Granny Square Pocket Shawl Crochet Pattern

How to Crochet the Hip Granny Pocket Shawl

Happy Friday friends! Pocket shawls are all the rage this year, and everyone is talking about them. The craze started with the release of the Perfect Pocket Shawl pattern by Sonja Hood, and now there must be a few hundred pocket shawl patterns to choose from. I’m honoured that you came by to see my version of the pocket shawl – I hope you enjoy it!

This shawl is made by crocheting a long rectangle and sewing on two pockets to either end. To keep things fun and interesting, I used a variety of stitches, created stripes along the border, designed some granny square pockets, and added fringe. I chose to make my shawl a little thinner than other pocket shawls because I like the way it drapes over my shoulders. However, I’ve included instructions below to make this shawl completely customizable in length and width, so you can make one that fits you perfectly. Let’s get started!

Crochet Granny Square Pocket Shawl Pattern
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You can purchase an INEXPENSIVE Printable PDF of this pattern on Etsy HERE or Ravelry HERE! This PDF includes the complete pattern, photo tutorials, and step-by-step pictures, so you can follow along on paper, highlight and make notes. It is a total of 14 pages including the cover page.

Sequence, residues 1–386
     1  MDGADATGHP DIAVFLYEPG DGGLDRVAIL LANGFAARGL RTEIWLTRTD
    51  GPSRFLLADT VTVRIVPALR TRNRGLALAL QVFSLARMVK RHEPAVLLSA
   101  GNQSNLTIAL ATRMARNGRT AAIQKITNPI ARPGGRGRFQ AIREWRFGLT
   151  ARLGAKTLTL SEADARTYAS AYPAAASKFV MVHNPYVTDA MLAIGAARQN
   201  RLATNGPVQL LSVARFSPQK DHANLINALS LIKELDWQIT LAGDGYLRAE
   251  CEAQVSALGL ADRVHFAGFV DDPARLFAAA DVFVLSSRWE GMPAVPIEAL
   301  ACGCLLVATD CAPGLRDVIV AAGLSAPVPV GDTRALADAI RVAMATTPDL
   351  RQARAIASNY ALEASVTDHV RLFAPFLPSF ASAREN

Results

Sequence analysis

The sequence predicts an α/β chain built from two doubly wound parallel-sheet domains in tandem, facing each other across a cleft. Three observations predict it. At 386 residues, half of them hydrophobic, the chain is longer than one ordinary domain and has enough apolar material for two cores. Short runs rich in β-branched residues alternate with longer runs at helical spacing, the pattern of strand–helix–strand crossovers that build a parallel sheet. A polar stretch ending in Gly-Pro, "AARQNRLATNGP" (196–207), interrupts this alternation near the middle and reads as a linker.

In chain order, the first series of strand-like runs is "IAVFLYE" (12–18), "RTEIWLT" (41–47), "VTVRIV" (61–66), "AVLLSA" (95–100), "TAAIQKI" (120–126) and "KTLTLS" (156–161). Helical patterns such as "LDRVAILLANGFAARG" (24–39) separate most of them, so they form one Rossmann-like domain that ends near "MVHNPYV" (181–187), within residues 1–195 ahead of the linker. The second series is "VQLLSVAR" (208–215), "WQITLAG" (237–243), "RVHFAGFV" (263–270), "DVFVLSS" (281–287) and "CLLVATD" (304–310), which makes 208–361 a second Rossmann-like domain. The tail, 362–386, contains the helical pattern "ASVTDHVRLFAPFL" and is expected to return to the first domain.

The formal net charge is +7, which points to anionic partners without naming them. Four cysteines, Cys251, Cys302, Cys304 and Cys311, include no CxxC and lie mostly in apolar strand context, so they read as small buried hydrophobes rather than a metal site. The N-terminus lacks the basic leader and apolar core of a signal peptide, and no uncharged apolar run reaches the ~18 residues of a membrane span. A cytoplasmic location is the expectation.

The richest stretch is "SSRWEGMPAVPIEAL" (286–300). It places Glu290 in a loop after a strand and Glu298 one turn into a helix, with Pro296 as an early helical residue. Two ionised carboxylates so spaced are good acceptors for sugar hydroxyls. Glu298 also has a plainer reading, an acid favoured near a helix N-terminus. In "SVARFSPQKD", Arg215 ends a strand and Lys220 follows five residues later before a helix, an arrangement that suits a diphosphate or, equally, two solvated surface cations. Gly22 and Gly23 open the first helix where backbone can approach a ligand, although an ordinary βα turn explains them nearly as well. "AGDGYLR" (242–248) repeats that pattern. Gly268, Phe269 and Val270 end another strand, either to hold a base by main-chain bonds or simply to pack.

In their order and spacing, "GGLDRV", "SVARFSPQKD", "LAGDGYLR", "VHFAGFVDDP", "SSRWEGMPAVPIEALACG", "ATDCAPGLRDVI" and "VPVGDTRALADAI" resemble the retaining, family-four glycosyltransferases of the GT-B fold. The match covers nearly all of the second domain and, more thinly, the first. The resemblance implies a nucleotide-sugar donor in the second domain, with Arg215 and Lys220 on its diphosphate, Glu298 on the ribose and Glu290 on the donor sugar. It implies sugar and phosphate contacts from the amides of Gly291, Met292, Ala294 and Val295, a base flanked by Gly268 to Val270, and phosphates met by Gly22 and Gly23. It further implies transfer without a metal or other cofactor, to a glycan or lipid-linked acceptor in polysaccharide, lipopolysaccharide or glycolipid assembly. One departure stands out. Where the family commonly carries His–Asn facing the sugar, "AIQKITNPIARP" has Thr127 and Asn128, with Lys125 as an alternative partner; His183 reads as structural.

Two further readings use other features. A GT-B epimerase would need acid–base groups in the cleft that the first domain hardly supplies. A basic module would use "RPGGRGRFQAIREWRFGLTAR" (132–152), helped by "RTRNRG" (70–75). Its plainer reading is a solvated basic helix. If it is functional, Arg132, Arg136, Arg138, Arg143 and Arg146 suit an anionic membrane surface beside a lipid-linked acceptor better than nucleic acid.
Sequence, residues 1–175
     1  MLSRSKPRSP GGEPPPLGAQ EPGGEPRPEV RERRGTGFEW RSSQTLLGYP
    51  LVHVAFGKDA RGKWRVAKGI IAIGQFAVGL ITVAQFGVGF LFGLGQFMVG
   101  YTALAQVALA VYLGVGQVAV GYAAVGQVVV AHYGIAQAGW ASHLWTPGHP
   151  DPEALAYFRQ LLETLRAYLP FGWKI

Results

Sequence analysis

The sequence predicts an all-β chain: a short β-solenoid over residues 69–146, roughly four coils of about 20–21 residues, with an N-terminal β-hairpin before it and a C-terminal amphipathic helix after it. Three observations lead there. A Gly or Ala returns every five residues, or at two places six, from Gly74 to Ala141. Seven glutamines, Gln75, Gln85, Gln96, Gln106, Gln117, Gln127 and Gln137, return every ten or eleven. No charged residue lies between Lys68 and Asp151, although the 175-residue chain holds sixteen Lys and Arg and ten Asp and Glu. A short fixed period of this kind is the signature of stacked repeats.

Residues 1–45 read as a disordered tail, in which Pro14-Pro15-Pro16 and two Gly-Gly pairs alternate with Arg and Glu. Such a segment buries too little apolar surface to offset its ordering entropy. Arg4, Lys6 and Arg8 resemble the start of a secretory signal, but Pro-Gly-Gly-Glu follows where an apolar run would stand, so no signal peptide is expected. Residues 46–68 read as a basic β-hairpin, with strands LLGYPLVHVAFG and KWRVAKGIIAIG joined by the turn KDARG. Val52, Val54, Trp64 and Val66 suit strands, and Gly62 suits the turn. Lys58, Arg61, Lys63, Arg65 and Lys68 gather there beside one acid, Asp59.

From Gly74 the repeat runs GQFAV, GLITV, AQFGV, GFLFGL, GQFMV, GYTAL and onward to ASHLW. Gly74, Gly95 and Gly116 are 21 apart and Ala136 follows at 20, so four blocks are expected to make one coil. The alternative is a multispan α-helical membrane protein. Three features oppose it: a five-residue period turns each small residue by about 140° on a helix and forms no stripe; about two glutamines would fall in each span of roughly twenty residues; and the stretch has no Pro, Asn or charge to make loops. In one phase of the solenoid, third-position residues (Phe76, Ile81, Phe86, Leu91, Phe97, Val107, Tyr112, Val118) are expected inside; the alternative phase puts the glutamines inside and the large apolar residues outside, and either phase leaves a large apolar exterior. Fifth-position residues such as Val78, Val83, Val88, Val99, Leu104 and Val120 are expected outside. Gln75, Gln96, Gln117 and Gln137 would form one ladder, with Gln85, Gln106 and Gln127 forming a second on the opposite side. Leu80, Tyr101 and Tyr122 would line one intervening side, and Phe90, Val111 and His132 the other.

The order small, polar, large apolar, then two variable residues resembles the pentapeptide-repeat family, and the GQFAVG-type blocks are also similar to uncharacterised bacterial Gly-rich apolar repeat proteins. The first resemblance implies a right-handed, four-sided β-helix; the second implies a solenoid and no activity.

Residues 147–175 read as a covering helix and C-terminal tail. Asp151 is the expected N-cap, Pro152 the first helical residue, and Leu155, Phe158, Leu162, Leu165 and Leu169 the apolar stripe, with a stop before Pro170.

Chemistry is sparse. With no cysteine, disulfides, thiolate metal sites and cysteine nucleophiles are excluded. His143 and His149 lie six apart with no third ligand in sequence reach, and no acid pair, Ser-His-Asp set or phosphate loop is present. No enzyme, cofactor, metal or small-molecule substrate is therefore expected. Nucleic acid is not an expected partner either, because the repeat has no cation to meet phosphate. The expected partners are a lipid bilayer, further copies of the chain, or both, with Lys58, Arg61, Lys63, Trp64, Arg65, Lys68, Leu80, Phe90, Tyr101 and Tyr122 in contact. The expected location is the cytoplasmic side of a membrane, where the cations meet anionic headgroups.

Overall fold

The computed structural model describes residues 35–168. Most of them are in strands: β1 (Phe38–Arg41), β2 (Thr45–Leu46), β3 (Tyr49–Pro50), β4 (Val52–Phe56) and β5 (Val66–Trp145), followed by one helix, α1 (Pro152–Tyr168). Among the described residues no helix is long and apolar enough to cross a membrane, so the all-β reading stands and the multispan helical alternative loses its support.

Materials:

  • 6.0mm crochet hook
  • Scissors
  • Yarn Needle
  • Approximately 624 yds of any medium 4 worsted weight yarn, in three colours of your choice for best effect (see my yarn choice below)
  • Steamer or iron on steam setting for blocking (highly recommend)

Yarn Choice:

  • Colour A: 2 Skeins of I Love this Yarn Solids Weight 4 Medium (100% acrylic, 355 yd/ 324 m, 198 g/ 7 oz) – Light Gray (used approximately 530 yds)
  • Colour B: 1 Skein of Vanna’s Choice Weight 4 Medium (100% Acrylic, 170 yd/ 155 m, 99 g/ 3.5 oz) – Honey (used approximately 54 yds)
  • Colour C: 11 Skein of Yarn Bee Soft and Sleek Weight 4 Medium (100% Acrylic, 232 yd/ 212 m, 142 g/ 5 oz) – Blush (used approximately 40 yds)

Pin this Pocket Shawl for Later – Here!

Crochet Pocket Shawl Pattern Pinterest

Other Crochet Patterns You’ll Love:

Pattern Measurements

This shawl measures 11″ x 61″, the pockets measure 8″ x 8″, and the tassels are approximately 5.75″ in length.

*Note: We all crochet differently (tighter or looser), so check your gauge before starting this pattern, to ensure that your shawl and pockets come out to size. Gauge instructions are on pg. 2. If your gauge is too small, try using a thicker weight 4 yarn or a larger crochet hook. If your gauge is too big, try using a thinner weight 4 yarn or a smaller crochet hook.

Customizing the Size of Your Pocket Shawl

A lot of pocket shawls are made to be 18″ – 24″ wide, but I chose to make mine thinner at 11″. This pocket shawl pattern can easily be adjusted to suit your needs.

Length: This pocket shawl is worked lengthwise, which means the starting chain determines the length of the shawl. The original pattern calls for chaining 241 for a total length of 61″. If you prefer to make your shawl longer or shorter, chain an odd number until satisfied with the length of your shawl. Remember that the length will shrink after working the first row (the Moss Stitch always causes a chain to shrink); so if you are not happy with the length once you finish the first row, unravel your work and start again.